If someone has an inborn talent for writing along with the desire to write fiction, it’s crucial to read, read, read, and to write, write, write.
The value of reading fiction cannot be overestimated if one wants to write fiction. It’s fascinating to read novels by different authors and see what they do-how they use language, metaphor, sentence structure, dialogue, descriptions, and how they transition from one scene to another, or from the present to the past, and back again.
A reader can learn a great deal by observing these things, by looking beyond the story’s content and observing the writer’s form. It’s a process-learning about writing by reading other writers-it happens gradually, incrementally, and without the reader quite realizing it. It happens with time and exposure. There’s no substitute for reading the genre in which you would like to write.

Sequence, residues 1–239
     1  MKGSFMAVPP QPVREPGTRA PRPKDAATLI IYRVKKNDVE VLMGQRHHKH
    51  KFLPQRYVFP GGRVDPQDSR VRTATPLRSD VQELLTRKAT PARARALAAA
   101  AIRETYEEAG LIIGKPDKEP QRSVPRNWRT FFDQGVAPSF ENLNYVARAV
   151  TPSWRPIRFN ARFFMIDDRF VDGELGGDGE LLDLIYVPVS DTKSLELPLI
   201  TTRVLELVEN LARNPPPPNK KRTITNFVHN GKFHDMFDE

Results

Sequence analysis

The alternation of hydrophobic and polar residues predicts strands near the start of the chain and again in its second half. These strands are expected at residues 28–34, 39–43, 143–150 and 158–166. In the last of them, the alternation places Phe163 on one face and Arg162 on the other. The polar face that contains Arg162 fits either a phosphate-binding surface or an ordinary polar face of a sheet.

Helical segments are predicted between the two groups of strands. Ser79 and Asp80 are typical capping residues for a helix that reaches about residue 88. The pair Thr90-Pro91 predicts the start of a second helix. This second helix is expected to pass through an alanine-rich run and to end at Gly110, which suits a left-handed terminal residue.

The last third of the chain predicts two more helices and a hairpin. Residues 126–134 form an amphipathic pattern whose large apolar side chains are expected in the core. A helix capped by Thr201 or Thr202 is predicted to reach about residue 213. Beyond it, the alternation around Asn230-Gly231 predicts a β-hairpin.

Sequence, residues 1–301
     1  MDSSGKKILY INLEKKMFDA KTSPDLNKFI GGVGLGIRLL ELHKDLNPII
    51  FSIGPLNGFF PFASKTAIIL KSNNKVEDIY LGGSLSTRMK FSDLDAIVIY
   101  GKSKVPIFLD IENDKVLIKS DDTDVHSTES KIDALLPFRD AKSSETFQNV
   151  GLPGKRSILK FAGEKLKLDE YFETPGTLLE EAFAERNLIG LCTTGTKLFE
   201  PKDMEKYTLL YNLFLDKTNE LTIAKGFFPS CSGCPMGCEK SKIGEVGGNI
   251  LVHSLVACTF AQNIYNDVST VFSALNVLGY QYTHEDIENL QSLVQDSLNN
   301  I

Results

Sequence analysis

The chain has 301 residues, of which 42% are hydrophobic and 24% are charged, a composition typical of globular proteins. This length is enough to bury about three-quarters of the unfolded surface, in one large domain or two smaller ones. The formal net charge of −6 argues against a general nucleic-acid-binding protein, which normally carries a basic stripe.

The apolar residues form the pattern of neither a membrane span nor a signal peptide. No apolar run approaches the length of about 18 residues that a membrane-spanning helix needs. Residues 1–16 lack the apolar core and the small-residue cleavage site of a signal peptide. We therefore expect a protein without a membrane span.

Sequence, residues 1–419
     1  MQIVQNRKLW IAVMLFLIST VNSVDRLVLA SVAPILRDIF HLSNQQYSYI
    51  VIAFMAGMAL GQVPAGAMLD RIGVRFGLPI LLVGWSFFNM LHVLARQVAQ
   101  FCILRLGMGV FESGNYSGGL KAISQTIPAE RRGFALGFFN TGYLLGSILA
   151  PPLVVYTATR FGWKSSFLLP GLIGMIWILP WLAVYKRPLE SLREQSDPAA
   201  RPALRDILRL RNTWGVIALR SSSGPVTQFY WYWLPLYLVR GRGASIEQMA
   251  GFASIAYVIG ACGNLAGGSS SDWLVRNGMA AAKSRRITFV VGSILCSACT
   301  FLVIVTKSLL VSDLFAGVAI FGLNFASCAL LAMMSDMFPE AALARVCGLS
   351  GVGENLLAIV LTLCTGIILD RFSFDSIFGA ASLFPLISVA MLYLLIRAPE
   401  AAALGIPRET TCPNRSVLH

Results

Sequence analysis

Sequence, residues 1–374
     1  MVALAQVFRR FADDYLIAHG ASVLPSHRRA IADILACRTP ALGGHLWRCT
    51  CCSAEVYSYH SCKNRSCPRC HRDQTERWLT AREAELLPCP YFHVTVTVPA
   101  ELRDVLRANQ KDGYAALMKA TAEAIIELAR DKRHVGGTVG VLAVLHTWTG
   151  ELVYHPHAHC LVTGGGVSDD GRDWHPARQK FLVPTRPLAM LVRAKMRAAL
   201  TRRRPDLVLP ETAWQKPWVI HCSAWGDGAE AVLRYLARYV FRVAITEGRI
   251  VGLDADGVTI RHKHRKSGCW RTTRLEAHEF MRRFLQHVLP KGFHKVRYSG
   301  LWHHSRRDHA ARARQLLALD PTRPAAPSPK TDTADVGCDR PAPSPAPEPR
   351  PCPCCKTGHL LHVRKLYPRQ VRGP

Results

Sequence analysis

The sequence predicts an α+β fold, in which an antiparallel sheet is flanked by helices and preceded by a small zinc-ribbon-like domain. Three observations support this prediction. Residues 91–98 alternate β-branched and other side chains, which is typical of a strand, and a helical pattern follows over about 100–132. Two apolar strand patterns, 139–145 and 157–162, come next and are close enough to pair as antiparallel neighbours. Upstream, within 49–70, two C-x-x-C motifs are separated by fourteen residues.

Again, Stephen King’s advice is worth repeating: no matter how talented you are, you’ve got to write in order to get better at it. So, while nature is important when it comes to writing, nurturing one’s inborn ability (by reading) is critical to being a writer.